During a time of funding cuts, regulatory constraints and changing care models, hospital boards must work together with CEOs to "assure the solvency and sustainability of their hospital," according to a piece by Paul Keckley in Hospitals & Health Networks.
Keckley, a leading health economist and managing director of the Navigant Center for Healthcare Research and Policy Analysis, said hospital boards must understand emergent issues to better prepare themselves for the evolving industry.
In order for a hospital to survive and support a capable CEO, Keckley said boards must address the following concerns at every meeting:
Unnecessary care: Not adhering to evidence-based care is a huge risk to the hospital and can result in gaps in care, he said, so trustees must hold management accountable to high standards.
Physician partnership: Doctors are now less dependent on hospitals for capital, patients and revenue, and many physicians are more tech savvy than ever before. Use that knowledge when building a physician-partnership model for the future, he suggested.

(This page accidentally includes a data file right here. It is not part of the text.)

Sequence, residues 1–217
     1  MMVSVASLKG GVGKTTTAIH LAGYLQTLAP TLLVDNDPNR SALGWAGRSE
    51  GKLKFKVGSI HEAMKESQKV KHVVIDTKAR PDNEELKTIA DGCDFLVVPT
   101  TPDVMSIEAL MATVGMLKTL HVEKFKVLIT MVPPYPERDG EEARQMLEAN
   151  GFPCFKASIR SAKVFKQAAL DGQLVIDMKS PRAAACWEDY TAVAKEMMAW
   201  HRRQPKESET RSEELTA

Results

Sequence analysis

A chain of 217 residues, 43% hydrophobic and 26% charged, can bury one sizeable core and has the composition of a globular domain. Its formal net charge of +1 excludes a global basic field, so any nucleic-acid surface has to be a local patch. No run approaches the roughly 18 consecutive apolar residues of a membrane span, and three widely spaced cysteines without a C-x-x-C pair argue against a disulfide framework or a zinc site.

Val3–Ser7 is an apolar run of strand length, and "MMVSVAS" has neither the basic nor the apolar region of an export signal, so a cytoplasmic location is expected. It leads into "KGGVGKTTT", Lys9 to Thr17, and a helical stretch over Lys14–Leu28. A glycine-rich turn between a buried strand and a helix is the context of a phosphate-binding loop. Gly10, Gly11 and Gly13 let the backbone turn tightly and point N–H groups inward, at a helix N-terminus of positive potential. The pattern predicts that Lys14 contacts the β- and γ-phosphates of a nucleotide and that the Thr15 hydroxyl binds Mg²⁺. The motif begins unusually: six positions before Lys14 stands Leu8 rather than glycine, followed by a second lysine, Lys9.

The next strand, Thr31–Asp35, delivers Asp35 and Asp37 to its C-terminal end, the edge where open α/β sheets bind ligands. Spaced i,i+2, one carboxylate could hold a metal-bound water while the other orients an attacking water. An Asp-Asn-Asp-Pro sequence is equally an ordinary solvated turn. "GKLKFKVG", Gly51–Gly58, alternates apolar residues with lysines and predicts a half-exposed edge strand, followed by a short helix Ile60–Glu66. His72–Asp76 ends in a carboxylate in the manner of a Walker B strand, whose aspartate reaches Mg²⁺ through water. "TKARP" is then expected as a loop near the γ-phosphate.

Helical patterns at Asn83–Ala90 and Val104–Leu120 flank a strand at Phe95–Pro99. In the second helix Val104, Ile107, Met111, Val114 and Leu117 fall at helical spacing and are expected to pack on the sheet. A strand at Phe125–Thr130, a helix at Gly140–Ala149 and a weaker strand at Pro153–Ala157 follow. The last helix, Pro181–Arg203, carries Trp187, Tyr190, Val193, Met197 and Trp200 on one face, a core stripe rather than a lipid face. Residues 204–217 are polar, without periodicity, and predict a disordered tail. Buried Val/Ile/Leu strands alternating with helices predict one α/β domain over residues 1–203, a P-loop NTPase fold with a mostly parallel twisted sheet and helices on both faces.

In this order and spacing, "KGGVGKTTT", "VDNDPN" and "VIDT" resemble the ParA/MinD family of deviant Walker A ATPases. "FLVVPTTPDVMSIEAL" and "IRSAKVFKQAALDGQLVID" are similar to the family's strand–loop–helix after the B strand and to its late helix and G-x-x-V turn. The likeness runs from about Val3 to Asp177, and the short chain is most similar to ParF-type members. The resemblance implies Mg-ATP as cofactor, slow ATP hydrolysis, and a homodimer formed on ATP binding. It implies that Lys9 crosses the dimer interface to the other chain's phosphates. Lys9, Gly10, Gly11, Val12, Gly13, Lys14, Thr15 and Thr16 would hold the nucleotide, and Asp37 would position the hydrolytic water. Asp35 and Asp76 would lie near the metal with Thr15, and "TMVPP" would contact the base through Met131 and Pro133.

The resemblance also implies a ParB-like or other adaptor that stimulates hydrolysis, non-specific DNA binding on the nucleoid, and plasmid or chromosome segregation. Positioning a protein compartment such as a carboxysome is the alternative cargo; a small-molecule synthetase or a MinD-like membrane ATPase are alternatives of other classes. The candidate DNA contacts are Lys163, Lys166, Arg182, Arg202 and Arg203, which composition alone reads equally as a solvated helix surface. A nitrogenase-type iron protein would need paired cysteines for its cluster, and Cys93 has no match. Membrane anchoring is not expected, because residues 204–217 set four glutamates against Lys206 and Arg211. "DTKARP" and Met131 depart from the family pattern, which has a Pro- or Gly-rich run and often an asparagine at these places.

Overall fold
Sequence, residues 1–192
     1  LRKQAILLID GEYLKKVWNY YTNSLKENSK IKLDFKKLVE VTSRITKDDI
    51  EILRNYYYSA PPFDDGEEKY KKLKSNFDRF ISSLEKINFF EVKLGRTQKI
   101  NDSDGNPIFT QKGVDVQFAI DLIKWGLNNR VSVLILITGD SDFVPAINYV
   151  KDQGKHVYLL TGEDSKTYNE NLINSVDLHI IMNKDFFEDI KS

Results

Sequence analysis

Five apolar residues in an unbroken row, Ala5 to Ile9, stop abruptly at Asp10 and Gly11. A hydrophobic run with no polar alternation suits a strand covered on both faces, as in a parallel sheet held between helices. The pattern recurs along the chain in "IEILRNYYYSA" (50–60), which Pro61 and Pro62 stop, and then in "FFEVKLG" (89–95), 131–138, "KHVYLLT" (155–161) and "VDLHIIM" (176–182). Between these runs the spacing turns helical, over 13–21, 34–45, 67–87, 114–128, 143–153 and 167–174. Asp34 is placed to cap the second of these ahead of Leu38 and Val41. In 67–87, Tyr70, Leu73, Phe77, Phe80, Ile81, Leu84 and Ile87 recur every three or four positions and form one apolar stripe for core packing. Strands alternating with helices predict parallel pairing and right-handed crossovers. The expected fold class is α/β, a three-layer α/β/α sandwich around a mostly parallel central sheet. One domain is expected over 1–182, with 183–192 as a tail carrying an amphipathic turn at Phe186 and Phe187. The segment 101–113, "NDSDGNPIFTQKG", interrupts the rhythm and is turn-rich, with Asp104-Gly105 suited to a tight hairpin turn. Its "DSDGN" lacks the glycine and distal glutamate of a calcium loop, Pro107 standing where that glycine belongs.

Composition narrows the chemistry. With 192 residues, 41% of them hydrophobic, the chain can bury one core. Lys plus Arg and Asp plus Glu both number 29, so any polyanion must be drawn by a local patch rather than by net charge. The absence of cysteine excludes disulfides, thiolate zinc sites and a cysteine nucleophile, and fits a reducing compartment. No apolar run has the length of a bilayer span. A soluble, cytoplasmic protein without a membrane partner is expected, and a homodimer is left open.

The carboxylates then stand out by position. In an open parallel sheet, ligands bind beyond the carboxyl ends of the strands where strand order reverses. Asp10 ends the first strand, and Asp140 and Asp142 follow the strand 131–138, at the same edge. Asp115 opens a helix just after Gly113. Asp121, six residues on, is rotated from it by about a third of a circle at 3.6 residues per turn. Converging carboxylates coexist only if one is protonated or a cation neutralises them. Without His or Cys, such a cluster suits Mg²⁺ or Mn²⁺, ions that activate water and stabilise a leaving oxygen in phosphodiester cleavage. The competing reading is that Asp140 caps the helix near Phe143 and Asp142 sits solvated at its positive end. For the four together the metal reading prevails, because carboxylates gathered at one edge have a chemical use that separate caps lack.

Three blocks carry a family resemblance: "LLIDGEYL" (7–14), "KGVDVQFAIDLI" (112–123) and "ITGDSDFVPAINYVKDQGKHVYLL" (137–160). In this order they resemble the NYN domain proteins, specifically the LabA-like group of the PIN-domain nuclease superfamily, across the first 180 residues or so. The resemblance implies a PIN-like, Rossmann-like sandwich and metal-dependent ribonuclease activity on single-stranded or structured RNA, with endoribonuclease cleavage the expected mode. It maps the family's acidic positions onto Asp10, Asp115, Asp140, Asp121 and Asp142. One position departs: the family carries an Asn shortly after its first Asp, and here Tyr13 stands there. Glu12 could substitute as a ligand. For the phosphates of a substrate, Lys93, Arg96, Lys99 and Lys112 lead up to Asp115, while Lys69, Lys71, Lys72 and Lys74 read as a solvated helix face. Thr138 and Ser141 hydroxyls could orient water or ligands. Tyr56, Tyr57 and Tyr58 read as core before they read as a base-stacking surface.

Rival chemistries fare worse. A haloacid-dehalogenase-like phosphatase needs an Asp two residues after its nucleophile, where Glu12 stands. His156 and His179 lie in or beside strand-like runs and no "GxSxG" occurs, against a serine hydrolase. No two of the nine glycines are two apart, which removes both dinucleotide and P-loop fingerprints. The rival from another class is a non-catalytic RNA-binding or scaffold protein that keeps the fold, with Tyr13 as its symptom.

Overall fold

Clinical innovation: Figure out which new technologies will suit the hospital best but consider the ones that are most helpful to the community's health as well as the hospital's budget. "In all likelihood, clinical partnerships will be necessary to sustain state-of-the-art services," Keckley wrote.
Consumerism and retail health: This is a vital area of growth for all hospitals, he said. Patients want to control their own health and are open to group visits, personalized online tools and electronic authorization for script fulfillment, according to Keckley. They want transparency and easy access.
Alternative capital: Explore the "full range of options in accessing capital and be more strategic in managing return on capital in deploying assets," Keckley wrote. Understand the implication of the organization's capital expenditure commitments and be prepared to justify investment decisions.
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